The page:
HEMINGWAY, Ernest. Autograph letter signed (''Wemedge'') to his very good friend William B. Smith (''Boid'') in Provincetown, Mass.; written during a three-month skiing holiday at Schruns, Austria, 30 January . 2 pages, 4to, dark ink on both sides of a sheet of typing paper, continued in the margins of page two, a trifle wrinkled, two tiny edge tears.
HEMINGWAY, Ernest. Autograph letter signed ("Wemedge") to his very good friend William B. Smith ("Boid") in Provincetown, Mass.; written during a three-month skiing holiday at Schruns, Austria, 30 January . 2 pages, 4to, dark ink on both sides of a sheet of typing paper, continued in the margins of page two, a trifle wrinkled, two tiny edge tears.
"REQUEST FOR A 'BANAL STORY' FOR COMING BANAL NUMBER OF 'LITTLE REVIEW'"
A fine (mostly literary) and early letter. Bill Smith was a close friend of Hemingway's since boyhood; his sister Katherine would marry John Dos Passos; "Wemedge" and "Boid" were old names they had for each other. "Today in de mail [Hemingway begins page two] gets a request for a 'Banal Story' for coming Banal Number of the Little Review. Have done it [Hemingway wrote the brief, sarcastic "Banal Story" that very day] and it's ready to mail [it would appear in the Spring-Summer number]. Dey wrote they had been told they would be jailed for pooblishing a story of the screeders in current number. Have played it down in display and hope to get by. Number now in the Press. Watch for story entitled "Mr. and Mrs. Elliot" [in the Autumn-Winter 1924-25 number of The Little Review]. Should [get?] a laugh even from a graham cracker addict. Borrow Little Review from them or read it in a radical book shop...Also check for 1,000 francs in mail off new magazine called This Quarter which wrote for story ["The Undefeated"]. Also letter from guy in Berlin wanting to translate the enditers woiks into Deutch. Such a mail makes a male feel besser..."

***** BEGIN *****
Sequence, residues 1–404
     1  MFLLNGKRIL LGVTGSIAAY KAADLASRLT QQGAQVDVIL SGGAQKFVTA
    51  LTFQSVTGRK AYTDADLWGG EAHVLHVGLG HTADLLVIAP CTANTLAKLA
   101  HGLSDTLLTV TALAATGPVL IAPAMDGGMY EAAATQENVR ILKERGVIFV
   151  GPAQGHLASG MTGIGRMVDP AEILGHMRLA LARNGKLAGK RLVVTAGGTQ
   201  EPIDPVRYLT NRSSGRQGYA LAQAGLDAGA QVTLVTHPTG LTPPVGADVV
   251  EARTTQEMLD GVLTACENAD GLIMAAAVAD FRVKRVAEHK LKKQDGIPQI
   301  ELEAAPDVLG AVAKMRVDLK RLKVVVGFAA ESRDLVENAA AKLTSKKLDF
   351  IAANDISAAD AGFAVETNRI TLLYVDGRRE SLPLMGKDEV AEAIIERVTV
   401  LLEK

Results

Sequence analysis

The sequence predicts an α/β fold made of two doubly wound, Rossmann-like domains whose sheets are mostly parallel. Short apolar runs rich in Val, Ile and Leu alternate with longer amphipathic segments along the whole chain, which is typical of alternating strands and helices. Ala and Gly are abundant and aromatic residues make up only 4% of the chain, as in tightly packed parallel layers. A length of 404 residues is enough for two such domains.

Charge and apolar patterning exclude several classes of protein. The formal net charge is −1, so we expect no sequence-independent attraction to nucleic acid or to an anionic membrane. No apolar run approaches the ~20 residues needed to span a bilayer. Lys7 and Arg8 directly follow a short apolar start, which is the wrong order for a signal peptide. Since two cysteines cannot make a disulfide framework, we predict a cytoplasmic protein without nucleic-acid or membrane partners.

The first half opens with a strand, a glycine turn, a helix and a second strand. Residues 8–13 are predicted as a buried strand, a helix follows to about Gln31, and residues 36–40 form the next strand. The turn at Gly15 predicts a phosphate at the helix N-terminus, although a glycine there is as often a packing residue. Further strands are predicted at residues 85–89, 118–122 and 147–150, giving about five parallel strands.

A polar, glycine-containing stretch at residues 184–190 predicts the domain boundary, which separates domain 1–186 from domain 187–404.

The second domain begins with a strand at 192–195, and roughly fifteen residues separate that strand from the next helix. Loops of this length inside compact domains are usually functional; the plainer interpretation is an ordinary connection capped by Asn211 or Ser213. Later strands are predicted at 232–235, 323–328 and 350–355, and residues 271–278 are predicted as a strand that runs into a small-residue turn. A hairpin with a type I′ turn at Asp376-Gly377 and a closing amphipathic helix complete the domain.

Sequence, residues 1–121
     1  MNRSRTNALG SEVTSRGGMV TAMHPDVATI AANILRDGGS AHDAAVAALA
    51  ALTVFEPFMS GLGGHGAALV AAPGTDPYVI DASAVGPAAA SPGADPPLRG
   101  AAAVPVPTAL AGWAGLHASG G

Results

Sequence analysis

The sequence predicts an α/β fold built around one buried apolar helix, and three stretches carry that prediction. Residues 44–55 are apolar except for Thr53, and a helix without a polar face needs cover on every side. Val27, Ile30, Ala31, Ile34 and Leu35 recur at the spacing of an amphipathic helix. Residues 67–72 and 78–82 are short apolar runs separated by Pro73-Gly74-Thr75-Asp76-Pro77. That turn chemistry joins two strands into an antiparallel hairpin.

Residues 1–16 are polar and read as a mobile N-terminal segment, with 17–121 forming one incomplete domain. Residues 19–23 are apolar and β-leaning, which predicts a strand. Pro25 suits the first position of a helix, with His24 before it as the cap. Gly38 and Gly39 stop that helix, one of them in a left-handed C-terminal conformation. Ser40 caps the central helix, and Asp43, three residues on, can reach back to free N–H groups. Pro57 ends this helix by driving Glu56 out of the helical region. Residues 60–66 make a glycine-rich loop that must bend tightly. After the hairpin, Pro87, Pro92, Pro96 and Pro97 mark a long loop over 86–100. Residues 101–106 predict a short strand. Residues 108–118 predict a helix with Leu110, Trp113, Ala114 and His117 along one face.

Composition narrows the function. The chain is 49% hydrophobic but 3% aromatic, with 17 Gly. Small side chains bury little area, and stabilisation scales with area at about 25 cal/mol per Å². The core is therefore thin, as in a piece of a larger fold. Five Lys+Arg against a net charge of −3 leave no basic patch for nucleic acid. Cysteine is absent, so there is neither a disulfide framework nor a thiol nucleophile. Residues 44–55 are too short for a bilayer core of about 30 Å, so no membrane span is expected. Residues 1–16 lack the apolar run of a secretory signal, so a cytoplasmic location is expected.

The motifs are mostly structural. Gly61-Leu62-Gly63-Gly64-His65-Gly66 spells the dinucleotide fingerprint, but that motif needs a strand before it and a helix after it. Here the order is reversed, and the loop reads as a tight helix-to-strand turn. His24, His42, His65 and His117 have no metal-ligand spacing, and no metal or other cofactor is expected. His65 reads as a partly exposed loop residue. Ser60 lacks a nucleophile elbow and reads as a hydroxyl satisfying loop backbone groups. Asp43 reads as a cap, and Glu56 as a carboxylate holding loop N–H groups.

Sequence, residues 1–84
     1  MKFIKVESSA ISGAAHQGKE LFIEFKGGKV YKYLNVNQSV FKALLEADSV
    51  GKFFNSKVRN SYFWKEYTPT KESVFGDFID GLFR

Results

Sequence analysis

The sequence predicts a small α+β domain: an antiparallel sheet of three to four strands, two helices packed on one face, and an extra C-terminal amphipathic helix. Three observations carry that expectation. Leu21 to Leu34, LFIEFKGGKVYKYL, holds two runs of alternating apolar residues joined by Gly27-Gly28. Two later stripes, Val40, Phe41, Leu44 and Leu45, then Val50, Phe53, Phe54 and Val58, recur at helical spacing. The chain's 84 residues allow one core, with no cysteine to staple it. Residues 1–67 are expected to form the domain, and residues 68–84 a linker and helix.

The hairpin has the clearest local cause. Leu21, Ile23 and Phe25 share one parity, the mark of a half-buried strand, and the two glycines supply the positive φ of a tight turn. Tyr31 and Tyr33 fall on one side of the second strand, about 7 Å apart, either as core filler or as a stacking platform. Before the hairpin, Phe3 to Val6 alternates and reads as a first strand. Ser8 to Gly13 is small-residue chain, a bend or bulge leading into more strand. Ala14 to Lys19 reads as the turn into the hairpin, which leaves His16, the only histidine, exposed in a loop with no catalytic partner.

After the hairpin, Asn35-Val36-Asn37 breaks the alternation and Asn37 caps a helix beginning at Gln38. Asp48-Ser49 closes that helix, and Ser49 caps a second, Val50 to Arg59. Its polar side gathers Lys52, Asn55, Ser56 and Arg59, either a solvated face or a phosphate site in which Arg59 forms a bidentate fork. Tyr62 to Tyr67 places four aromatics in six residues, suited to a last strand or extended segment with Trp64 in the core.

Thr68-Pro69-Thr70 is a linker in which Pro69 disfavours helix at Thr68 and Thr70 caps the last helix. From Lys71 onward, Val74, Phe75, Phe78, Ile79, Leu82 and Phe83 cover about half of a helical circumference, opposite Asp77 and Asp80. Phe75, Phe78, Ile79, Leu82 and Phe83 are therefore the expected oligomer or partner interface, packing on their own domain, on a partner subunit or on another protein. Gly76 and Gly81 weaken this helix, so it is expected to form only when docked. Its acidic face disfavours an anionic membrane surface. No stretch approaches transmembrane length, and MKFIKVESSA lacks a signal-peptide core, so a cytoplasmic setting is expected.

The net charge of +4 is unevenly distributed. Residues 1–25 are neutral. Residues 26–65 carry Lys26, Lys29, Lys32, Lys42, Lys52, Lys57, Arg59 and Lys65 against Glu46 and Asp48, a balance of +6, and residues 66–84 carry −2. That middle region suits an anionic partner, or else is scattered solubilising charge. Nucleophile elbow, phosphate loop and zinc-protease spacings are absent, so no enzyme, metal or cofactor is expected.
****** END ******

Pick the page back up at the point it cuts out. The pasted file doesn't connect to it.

Hemingway concludes with comments on the professional writing market which Bill's sister Katherine was trying to enter (Michael Reynolds quotes a phrase from this portion in Hemingway: The Paris Years, 1999, p. 268): "...Glad she pestled them. They aint no seeds in writing that way Boid I'm afraid. On acct. she's gotta compete with the Peter B. Kyne, de Frank Crane [popular writers of the day] and all them guys that are geniuses at turning out the crap and it's their artistic fulfillment. Shut, after the first kick of selling aint going to get any joy out of writing crap. She aint got a genius for it like Balmer. She's too good. If she wrote good stuff in the end she'd click. Would take a hell of a lot of time maybe. But crap gets male nor female nowhere unless crap's there filled. Bulstein's aint. She's too damn good and she's passing up the temporal when she ought to be learning to write..." Not in Letters, ed. C. Baker, and presumably unpublished. Provenance: "The Property of a Lady" (sale, Sotheby Parke Bernet, 26 January 1977, lot 241).